Careers advice

The best customer service skills to include on your CV

How to get into this booming sector.

There’s a lot to love about working in customer service. You’ll learn heaps of transferable skills, you’ll be representing your company as the forward face of the business, and there are opportunities to make some decent money thanks to bonus and incentive schemes.

What’s more, the demand for customer service reps has been booming in New Zealand of late, meaning there are plenty of opportunities out there. Indeed, in Q1 of 2022, customer service roles increased by an enormous 51% when compared to the same time last year, according to data from Trade Me Jobs.

But what do employers really want from their customer service staff? Here, we’ll look at the most important customer service skills to include on your CV, so you can make your application as strong as possible.

You'll need to be adept at communicating using a variety of media.

Crucial customer service skills

1. Communication

This core soft skill is at the heart of a good customer service employee, but what do we really mean by ‘good’ communication? Here are a few of the component parts:

  • Listening: we all know how frustrating it can be to talk to a company rep that simply isn’t listening to what we’re saying. To offer a good customer experience, you’ll need to have a full understanding of the question/concern/complaint that the customer is putting across, so you’ll need to focus on the details of what they’re saying.
  • Empathy: after listening, you need to show that you hear where they’re coming from, and see things from their perspective. This is true even, and especially if, you know you aren’t going to be able to give the customer what they want. Imagine, for example, someone is asking for a refund that you know they aren’t entitled to. You still want to show that you value their custom and understand their disappointment, even if you can’t help them out.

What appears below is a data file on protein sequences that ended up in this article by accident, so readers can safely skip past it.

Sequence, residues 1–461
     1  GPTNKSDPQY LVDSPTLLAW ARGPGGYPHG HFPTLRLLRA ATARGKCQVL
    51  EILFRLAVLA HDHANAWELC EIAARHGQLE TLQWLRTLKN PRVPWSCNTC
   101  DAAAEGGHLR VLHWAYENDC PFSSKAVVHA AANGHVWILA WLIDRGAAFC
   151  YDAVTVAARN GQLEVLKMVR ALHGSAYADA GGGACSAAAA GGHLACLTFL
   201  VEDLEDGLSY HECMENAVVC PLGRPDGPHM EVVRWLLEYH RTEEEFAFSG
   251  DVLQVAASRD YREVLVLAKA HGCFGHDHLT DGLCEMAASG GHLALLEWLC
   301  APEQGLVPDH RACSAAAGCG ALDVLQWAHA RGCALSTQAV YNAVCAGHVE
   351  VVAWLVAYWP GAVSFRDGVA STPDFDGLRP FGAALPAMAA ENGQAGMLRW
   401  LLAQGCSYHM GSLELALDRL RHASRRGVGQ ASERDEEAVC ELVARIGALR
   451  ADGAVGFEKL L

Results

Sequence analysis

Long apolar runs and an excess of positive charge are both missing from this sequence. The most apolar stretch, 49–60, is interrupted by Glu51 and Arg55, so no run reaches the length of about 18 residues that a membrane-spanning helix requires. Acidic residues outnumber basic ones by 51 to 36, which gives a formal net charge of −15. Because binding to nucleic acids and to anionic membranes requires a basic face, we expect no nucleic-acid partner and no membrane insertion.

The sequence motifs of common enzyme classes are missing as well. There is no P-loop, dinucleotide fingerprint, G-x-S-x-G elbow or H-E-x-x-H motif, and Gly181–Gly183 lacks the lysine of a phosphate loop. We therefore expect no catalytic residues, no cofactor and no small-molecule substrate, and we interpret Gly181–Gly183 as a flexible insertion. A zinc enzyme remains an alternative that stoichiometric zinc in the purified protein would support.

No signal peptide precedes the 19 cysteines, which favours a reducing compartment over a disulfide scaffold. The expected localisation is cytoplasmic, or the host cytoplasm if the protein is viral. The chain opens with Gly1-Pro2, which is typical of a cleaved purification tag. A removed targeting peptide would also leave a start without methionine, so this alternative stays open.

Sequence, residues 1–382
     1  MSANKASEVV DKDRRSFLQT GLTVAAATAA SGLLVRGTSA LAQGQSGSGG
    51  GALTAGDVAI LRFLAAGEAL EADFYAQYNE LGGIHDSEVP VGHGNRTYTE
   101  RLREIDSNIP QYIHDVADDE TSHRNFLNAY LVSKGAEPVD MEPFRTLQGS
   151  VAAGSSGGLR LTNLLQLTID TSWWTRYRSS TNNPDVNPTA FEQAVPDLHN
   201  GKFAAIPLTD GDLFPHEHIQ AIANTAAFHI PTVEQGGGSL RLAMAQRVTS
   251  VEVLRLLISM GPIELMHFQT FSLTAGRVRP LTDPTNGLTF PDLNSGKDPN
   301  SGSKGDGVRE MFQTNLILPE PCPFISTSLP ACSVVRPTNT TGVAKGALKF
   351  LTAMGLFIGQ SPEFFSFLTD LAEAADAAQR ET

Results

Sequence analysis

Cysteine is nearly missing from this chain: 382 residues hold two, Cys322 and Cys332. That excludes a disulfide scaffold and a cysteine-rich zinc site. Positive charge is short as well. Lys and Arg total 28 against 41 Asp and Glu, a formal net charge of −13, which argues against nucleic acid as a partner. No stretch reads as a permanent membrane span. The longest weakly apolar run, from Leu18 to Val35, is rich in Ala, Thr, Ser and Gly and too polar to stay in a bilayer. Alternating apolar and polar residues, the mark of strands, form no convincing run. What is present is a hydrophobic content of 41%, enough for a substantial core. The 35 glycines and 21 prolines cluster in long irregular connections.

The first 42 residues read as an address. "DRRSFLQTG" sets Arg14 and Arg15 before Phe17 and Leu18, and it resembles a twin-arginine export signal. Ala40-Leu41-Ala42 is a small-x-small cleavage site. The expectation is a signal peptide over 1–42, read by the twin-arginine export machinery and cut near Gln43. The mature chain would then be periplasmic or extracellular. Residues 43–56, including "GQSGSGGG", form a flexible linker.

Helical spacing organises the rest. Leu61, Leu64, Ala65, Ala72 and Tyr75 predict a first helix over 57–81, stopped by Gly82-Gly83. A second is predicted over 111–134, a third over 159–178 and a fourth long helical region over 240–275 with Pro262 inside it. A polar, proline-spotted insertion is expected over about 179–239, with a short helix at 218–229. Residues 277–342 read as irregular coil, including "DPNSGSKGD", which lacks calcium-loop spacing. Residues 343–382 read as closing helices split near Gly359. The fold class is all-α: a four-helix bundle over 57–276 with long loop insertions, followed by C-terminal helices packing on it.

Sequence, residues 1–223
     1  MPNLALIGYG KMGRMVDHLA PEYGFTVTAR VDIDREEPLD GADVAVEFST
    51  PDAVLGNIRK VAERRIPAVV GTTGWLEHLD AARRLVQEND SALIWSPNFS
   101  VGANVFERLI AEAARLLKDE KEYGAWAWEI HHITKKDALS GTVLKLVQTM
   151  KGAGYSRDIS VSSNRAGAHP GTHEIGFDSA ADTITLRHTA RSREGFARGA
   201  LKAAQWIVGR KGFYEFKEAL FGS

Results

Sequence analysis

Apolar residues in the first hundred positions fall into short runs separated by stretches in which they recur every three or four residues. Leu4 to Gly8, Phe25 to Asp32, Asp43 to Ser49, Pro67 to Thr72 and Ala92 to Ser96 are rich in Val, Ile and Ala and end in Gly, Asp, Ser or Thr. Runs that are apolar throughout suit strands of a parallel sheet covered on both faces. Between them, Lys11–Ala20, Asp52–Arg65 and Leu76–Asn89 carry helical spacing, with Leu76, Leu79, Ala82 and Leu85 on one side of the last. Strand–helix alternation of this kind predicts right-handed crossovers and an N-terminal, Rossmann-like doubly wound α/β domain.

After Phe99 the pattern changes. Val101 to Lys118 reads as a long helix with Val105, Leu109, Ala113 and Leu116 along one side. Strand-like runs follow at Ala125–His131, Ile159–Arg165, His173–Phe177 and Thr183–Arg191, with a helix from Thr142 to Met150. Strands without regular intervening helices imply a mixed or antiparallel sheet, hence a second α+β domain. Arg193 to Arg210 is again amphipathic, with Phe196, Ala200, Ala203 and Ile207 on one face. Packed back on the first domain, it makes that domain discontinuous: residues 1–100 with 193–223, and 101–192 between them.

• Confidence: there are two elements to this. Firstly, confident communication means clear communication – losing the ‘umms’ and the ‘aahs’ and speaking eloquently will help your conversations with customers flow more naturally. Second, you need to be able to, politely, stand your ground, when you need to. Going back to our refund example, sometimes people will be cheeky and try to get a bit of extra value from the company, and it’s your job not to be pushed around.
  • Patience: we’re all human, and some interactions are simply more frustrating than others. However, patience is a core customer service skill because you can’t let frustration show. Not only is it seriously unprofessional to show your frustration with a customer, you’ll be making your own life tough because this reaction is likely to make a difficult customer even harder to deal with.

2. Time management

Today, customers expect near instantaneous responses when interacting with businesses. As such, you’ll need to be good at working through client comms quickly and decisively, without making people feel undervalued.

Many customer service managers implement targets for the number of calls/emails/social media messages they want their team to work through in a given time period (usually a day or a week). Exceeding your targets, or getting positive feedback from customers, is frequently rewarded with incentives – so a competitive edge is also a good trait!

3. Adaptability

People are unpredictable, and, as you’ll spend the vast majority of your 9-5 interacting with members of the public, you’ll need to be able to adapt to different situations very quickly. For example, there’s a good chance you’ll be dealing with a variety of customer interactions on very different subjects, at one time, using different media. Each of these customers will expect excellent service and for you to be fully engaged with them, when in reality you’ll have several plates in the air.

As such, you’ll need to be quick on your feet, without moving so fast that you make mistakes. So adaptability is key.

You'll need to adapt to different communication styles when interacting with custmers.

4. Business knowledge

As a customer service rep, you’ll need to be able to absorb and keep up-to-date with the things that matter to your customers – product updates, price points and any special offers or promotions that are currently running.

Often, you’ll be provided with scripts or updates in team meetings. The challenge is being able to hold onto this information and put it across in a way that doesn’t feel robotic, and is tailored to the unique situation of each individual customer.

5. Sales skills

Even though, as a customer service rep, your primary role isn’t to sell a product, you obviously want to encourage the people you interact with to either start, or continue, purchasing from the company.

As such, if you can demonstrate sales savvy on a customer service CV, you’re only going to be helping your chances of impressing the hiring manager. In many cases, This is a matter of knowing when to make the right offer at the right time, drawing on your communication skills and ability to read a customer and understand their needs.